It is the Mother of God who defends the Church, helps in persecutions and makes herself the enemy of her enemies.
Newsroom (13/09/2022 5:15 PM, Gaudium Press) Defeated at the Gulf of Lepanto, the minions of Mohammed continued to harass Christendom on the ground. But Our Lady did not abandon her own, and She raised up in defense of the Cross a man full of fire, courage and piety: Blessed Marco d’Aviano.
An upright and resolute Capuchin, Brother Mark had even been a counsellor to Emperor Leopold I when the Ottoman troops besieged Vienna.
The sovereign was good-natured and religious, but of indecisive character; with his firm hand and supernatural wisdom, the friar served as the King’s spiritual guide and assistant in matters of government.
In Rome, Blessed Innocent XI, a Pope of manly and indomitable temperament, captained the ship of St. Peter. However, his attempts to open the eyes of the European nations to the atrocities practiced by the half-moon henchmen had no impact on the Christians, who were led by princes divided among themselves and little interested in the glory of God.
In order to move Heaven on behalf of an indolent Europe and to urge the princes to unite against the Turkish threat, the Pontiff promoted the coronation of the image of the Mother of Good Counsel of Genazzano.
This gesture of praise and piety was the spark that could ignite the fire of grace that would melt away selfishness and foster the establishment of the Catholic coalition. Thanks to the pontifical negotiations, whose immediate protagonist was Blessed d’Aviano, on 8 September 1683, the troops of the Holy League, led by the indefatigable fighter John Sobieski, King of Poland, were assembled on Mount Kahlenberg, near Vienna. Charles of Lorraine was at the head of the imperial forces and was second in command.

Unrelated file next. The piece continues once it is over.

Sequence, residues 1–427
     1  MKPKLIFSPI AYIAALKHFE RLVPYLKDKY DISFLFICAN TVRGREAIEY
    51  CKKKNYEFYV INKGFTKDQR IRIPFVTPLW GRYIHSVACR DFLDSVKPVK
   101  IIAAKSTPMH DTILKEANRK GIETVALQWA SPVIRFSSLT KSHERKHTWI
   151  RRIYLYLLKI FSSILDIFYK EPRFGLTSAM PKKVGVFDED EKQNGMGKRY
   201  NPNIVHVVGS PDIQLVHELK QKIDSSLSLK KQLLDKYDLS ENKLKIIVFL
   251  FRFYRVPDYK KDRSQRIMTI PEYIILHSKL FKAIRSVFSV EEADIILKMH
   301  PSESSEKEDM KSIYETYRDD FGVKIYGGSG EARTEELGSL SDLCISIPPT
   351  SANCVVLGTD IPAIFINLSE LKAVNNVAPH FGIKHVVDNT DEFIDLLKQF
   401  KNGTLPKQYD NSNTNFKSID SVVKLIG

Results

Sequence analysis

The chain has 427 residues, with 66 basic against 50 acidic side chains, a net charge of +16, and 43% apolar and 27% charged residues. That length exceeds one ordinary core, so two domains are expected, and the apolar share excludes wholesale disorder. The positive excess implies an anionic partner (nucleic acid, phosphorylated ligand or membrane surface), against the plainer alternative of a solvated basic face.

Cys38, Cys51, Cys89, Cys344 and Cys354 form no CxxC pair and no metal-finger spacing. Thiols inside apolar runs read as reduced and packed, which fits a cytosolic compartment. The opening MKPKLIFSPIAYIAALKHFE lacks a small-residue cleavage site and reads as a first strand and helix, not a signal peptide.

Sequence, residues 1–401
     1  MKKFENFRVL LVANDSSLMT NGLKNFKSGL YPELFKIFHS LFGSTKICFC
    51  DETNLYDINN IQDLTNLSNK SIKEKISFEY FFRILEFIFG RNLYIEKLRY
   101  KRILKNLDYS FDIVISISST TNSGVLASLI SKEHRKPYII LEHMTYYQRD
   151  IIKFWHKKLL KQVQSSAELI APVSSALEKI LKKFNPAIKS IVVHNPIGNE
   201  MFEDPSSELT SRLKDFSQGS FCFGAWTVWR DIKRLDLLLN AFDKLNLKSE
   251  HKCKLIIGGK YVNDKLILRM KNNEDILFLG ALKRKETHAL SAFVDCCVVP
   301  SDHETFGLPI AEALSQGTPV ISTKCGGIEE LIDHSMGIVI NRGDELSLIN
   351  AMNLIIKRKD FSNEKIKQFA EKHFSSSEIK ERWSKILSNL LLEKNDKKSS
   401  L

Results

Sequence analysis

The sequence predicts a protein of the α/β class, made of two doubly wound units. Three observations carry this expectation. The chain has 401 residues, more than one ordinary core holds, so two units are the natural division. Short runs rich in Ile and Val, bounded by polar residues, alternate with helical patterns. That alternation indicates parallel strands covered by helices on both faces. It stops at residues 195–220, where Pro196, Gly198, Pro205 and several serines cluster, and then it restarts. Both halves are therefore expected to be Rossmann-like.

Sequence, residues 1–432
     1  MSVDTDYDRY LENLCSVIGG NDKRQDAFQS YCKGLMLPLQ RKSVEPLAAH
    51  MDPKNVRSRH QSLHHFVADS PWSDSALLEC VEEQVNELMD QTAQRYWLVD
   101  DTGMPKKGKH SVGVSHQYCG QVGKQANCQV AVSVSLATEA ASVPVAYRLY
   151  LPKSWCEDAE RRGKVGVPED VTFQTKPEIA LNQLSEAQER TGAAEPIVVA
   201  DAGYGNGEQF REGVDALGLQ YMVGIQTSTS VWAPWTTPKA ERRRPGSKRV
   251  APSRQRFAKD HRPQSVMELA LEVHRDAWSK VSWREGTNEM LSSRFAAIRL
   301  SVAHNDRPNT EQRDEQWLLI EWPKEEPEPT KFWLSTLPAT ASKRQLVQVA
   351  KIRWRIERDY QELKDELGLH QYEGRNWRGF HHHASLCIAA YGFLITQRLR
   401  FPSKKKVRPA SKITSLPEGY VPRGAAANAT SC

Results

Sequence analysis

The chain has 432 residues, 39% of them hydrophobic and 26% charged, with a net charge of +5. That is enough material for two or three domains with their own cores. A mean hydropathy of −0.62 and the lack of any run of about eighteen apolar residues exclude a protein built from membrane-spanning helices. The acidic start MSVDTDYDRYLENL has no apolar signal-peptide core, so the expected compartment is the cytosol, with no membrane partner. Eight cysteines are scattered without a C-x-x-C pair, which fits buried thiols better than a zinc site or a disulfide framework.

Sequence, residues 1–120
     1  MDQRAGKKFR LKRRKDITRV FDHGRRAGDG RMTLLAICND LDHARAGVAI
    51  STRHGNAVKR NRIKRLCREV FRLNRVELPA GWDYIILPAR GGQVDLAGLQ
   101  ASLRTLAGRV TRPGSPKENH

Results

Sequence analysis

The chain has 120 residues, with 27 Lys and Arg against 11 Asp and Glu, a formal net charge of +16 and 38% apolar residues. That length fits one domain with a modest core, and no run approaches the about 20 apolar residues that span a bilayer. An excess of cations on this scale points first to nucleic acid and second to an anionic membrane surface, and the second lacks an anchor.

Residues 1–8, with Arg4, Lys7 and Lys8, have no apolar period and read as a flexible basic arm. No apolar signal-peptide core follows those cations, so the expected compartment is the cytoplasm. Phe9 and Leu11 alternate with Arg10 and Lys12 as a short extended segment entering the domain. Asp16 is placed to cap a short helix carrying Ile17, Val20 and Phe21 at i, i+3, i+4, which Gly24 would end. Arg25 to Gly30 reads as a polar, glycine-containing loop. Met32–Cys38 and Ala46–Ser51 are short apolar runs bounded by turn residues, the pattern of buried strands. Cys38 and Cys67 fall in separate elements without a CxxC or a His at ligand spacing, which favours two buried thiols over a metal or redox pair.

Before the battle, the Holy Sacrifice was celebrated in the presence of thirty-two blood princes, numerous nobles and a multitude of soldiers. Sobieski himself hosted the Mass. At the end of the celebration, the Capuchin friar gave the blessing saying:
“In the name of the Holy Father, I tell you that if you have confidence in God, victory is yours!”
On 12 September, the Catholic troops marched down the hill, surprising the enemy camp from behind. Despite the overwhelming numerical superiority of the Turks, the ranks of the Virgin cleft the adversary’s hosts and, after arduous fighting, saved Vienna.
In thanksgiving for the victory, Innocent XI extended the Feast of the Most Holy Name of Mary to the Universal Church. Through providential men, encouraged by the most pure and combative breath of Our Lady, Christendom had been saved from the shipwreck of the Faith.
Compiled by Sandra Chisholm